Most employers provide new employees with a benefits package: paid time off, health insurance, retirement accounts and more. Now, some big corporations are offering what, to some, could be life changing: completely debt-free college degrees — and they are partnering with a few historically Black colleges and universities to do it.

While tuition reimbursement programs are nothing new, some companies are now taking it a step further by offering debt-free programs that do not cap the amount per semester the company will cover and they pay the school directly so employees do not have to spend any money out of their own pocket for tuition and fees. 

This summer, Target and Walmart have joined companies like Chipotle in offering this educational benefit, just one of the ways employers are trying to retain workers, especially during the ongoing quitting spree. These three corporate degree programs, among others, are run through Guild Education, a company that facilitates the partnership between schools and employers.

“One of the biggest things that limits working adults from getting a college education and meeting their dreams and ambitions is the cost,” Paul Freedman, President of the Learning Marketplace at Guild, told The Plug. “Employers who are willing to invest in it are providing a really valuable benefit to their employees.”

These costs have been rising over the years. The total student loan debt in the U.S. now stands at $1.73 trillion and Black students on average owe $25,000 more than their white peers, according to recent data.

Target and Walmart employees will be eligible for debt-free degrees after their first day of employment and Chipotle employees after 120 days.

Increasing enrollment and familiarity with HBCUs

But it is not just employers and employees who benefit. The partner educational institutions may see an increased enrollment and revenue from students who might not have otherwise heard of the school.

This can be vital for HBCUs. From 2010 to 2018, total enrollment across HBCUs fell by 11 percent, according to the National Center for Education Statistics. Through the partnerships, at least three schools now have a new way to reach potential students.

Target, for instance, is covering tuition, fees and book costs for bachelor’s degrees from Morehouse College and Paul Quinn College, and certificates from Spelman College. Chipotle is also working with Paul Quinn while Walmart is working with the Spelman certificate program.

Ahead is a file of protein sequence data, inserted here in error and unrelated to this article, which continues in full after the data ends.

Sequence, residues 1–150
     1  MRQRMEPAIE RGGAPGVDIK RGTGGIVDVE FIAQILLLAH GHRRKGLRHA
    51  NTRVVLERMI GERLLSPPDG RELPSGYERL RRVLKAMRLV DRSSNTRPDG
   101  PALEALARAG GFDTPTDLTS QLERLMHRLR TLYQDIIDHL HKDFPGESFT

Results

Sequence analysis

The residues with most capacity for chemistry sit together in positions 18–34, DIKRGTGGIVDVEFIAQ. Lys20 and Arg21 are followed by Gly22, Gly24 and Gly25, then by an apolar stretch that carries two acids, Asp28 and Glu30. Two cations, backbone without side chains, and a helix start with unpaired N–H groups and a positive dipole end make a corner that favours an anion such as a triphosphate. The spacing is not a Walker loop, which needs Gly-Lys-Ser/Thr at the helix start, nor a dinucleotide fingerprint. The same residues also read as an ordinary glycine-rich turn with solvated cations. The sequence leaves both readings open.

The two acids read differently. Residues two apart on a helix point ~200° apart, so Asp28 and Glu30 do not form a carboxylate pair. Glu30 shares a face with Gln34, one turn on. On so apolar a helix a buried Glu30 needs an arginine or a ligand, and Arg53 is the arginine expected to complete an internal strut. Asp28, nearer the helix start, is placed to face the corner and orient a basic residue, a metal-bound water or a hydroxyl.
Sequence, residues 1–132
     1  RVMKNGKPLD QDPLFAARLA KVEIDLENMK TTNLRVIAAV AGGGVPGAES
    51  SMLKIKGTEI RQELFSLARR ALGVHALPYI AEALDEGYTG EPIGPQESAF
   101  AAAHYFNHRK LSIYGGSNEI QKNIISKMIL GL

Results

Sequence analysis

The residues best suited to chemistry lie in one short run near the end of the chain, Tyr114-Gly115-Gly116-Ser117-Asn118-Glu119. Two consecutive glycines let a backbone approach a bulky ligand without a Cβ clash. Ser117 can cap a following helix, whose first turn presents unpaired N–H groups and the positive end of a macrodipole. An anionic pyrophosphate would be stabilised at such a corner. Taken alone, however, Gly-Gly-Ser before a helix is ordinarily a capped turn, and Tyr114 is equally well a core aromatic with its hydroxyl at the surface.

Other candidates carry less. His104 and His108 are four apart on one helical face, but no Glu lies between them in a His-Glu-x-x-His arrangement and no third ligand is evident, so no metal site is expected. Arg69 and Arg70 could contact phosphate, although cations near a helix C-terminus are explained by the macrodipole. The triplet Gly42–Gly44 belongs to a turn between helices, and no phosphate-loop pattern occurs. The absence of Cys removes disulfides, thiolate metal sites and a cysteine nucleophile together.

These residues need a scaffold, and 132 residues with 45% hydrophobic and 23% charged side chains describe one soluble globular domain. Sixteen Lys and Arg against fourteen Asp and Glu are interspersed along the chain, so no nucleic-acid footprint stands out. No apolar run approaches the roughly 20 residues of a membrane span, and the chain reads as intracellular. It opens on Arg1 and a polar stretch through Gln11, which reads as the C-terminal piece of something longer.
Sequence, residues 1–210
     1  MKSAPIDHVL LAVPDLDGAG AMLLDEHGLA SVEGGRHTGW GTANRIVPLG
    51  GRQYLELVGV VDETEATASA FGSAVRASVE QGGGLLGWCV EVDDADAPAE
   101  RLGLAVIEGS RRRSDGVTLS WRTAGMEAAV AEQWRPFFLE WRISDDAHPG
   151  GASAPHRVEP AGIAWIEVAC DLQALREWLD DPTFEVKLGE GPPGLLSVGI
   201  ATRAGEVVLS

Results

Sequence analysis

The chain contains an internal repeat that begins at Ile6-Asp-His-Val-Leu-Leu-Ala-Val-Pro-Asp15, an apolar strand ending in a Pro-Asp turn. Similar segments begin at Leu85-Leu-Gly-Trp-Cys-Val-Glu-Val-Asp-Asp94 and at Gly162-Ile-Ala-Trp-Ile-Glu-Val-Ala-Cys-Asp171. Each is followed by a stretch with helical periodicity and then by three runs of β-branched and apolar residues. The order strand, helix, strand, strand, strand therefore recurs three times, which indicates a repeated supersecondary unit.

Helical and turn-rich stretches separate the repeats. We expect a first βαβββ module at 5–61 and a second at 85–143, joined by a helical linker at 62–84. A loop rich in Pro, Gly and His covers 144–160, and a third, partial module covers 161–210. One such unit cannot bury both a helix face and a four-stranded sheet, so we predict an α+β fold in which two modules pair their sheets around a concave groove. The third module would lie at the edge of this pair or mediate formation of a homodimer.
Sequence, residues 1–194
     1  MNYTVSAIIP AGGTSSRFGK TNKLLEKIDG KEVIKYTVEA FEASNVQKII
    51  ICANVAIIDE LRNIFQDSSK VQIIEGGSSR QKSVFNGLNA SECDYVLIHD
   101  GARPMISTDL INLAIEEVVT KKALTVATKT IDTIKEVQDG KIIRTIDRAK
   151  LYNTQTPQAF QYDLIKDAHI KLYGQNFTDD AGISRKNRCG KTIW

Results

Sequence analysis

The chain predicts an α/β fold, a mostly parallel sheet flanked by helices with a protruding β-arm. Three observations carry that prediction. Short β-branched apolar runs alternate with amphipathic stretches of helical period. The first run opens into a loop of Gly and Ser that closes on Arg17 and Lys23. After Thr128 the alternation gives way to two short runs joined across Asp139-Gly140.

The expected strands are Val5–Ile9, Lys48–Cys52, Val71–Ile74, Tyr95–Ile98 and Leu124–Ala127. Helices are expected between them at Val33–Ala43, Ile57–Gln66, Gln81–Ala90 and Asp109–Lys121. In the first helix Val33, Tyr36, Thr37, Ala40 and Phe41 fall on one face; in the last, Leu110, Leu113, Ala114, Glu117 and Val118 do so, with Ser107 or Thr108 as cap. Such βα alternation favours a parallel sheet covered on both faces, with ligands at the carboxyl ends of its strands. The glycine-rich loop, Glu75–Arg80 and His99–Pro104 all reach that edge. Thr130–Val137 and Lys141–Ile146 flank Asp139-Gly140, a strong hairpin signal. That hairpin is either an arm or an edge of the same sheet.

“We are a small school and sometimes people have not heard of us, and so I think it’s really special to be in this catalog where employees can learn more about who we are and decide that they want to come finish their degree with us,” Lola Esmieu, Chief of Staff for the President of Paul Quinn, told The Plug.

“But even if they don’t choose us, now they have heard of Paul Quinn and have learned a little bit more about us. So that in and of itself is really exciting,” Esmieu added.

Target or Chipotle employees who come to Paul Quinn through the Guild program can earn a bachelor’s degree in business and have the option of a few concentrations: fundraising and philanthropy, accounting, entrepreneurship or management. Employees can get their degrees either through in-person or online classes, depending on whether students are local to the Dallas-based school.

Through Morehouse, Target employees who have some college credits but haven’t finished their degree can complete an online bachelor’s in business administration.

Spelman’s online certificate programs are one of Guild Education’s newest offerings. Though they are still being developed, Freedman said the certifications will be in areas where there is an expectation of high future job demand, like data or project management.

The future of work

These debt-free degrees and certificates give employees the chance to learn and develop new skills that may be critical in the future of work, which will have a disproportionate impact on Black workers. McKinsey estimates 42 percent of the Black labor force currently hold jobs that will be disrupted by 2030.

Corporations partnering with HBCUs to address the disruption is vital. HBCUs play an outsized role in educating Black students. Although they make up just three percent of America’s colleges and universities, HBCUs are responsible for more than 20 percent of African American graduates.

Freedman believes these debt-free corporate programs will also change the future behavior of workers.

There’s an increasing number of students who are getting a job to go to college as opposed to going to college to get a job,” Freedman said. “We expect that behavior will continue.”